One of the most pressing issues facing healthcare today is population aging. Sometimes called the “grey wave” or “silver tsunami,” population aging is the shift in average age of a population from younger to older ages.
Current projections from the U.S. Census Bureau point to 2030 as a milestone year in which older people will outnumber children for the first time in history. All baby boomers will be older than age 65 and one in every five residents will be retirement age.
What population aging means for healthcare
In addition to the increasing number of individuals older than 65, we are also experiencing a significant increase in the life expectancy of older adults given improvements in nutrition, physical activity and medical care. The net effect, however, is the same – an increased number of people consuming more healthcare services.
In terms of direct impact on healthcare, an aging population will increase the demand for primary and specialty physicians, chronic disease management, age-friendly environments, and long-term care to more effectively meet the needs of aging adults at home and in their communities.
Because these all have a cost, healthcare organizations (HCO) will need to take creative steps to manage the needs of aging adults. Without thoughtfully considering the scope and volume of the evolving needs of the population, health systems will become overwhelmed as this demographic shift continues.
This issue spans outside of the United States
Singapore, a country with one of the world’s highest life expectancies, will also be affected from the aging population trend. By 2030, one in four Singaporeans is expected to be over 65. As in the U.S., population aging will significantly increase healthcare costs and a transformation in how healthcare is delivered to meet the needs of an aging population.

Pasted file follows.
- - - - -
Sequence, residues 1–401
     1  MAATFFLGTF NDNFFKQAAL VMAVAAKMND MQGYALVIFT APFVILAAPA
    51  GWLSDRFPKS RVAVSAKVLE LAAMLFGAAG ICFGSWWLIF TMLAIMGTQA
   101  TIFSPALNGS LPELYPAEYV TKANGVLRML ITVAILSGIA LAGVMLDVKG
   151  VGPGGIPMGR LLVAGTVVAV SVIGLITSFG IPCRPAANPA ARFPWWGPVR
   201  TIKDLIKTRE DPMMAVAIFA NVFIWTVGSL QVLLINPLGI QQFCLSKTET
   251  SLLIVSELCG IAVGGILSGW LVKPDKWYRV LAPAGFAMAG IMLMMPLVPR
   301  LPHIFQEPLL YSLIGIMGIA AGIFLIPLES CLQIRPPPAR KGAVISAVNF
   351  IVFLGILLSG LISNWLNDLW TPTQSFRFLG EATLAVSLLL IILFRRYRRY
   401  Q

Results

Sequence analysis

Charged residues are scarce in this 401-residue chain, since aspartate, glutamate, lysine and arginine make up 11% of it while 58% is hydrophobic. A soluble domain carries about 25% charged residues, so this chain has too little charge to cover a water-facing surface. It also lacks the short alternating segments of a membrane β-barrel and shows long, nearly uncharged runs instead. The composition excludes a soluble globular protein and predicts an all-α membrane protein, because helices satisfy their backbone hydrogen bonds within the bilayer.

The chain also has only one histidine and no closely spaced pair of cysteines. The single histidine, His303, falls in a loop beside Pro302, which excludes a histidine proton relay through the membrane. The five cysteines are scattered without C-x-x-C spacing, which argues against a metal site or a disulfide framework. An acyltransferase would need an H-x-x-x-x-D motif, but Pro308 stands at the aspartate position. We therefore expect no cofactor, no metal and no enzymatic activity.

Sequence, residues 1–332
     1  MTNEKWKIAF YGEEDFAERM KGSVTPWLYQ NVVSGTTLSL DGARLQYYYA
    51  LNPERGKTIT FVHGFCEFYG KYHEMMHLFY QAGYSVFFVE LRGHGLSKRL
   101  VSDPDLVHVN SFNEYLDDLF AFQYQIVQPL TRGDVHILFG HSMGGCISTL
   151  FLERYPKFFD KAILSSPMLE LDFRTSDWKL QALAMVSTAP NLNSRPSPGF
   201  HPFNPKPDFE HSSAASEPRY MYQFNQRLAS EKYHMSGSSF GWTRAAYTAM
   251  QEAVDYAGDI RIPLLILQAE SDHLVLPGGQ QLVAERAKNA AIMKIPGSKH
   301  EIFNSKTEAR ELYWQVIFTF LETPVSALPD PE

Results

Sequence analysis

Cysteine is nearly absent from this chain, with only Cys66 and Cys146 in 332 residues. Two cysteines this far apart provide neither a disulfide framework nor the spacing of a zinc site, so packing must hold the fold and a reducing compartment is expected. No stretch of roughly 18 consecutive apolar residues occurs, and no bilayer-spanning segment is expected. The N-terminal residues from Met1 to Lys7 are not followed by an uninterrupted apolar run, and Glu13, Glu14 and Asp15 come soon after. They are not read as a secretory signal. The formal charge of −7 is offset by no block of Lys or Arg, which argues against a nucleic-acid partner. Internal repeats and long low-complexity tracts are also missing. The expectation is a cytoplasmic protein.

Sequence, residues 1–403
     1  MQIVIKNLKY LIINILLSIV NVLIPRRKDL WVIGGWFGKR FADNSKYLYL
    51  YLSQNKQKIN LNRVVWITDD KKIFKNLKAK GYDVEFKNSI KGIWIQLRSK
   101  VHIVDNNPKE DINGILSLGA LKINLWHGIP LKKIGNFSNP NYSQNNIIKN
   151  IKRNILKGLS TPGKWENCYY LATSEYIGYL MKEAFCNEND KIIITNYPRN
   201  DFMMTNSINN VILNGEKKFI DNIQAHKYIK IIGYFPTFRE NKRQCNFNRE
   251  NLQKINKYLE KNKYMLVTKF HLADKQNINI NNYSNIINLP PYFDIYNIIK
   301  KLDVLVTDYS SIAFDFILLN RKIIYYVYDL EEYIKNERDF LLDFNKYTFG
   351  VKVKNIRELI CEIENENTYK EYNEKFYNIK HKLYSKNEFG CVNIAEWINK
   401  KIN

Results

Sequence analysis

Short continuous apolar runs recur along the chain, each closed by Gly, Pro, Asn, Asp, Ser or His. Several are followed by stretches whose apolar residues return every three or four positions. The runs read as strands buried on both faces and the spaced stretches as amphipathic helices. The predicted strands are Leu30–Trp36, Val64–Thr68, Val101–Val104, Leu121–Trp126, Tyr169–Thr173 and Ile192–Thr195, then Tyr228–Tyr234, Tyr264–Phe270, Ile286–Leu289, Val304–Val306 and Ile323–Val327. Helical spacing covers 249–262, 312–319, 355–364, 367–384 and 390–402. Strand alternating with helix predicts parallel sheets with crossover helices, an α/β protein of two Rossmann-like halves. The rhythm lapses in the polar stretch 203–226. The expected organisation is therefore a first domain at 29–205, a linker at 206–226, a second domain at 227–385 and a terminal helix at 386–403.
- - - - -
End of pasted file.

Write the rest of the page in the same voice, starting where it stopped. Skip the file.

How can healthcare prepare for population aging?
As with any business strategy, HCOs must start by identifying a shared goal with their patients and community — in this case, healthy aging. The World Health Organization (WHO) defines healthy aging “as the process of developing and maintaining the functional ability that enables well-being in older age.”
While healthy aging means different things to different people, the primary goal is “creating environments and opportunities that enable people to be and do what they value throughout their lives.”
The next step is to identify the current services they must expand and new services they must provide to successfully support patients and meet them “where they are.” Whether primary care or specialty care, care coordination and chronic disease management, or long-term care to enable patients to “age in place,” HCOs must consider the right balance of talented people and helpful technology to optimize healthy aging.
Rapid population aging will undoubtedly create challenges for health systems in the U.S. and across the world. By understanding patient and community priorities and working with them to provide needed support and services, health systems and communities can successfully achieve healthy aging.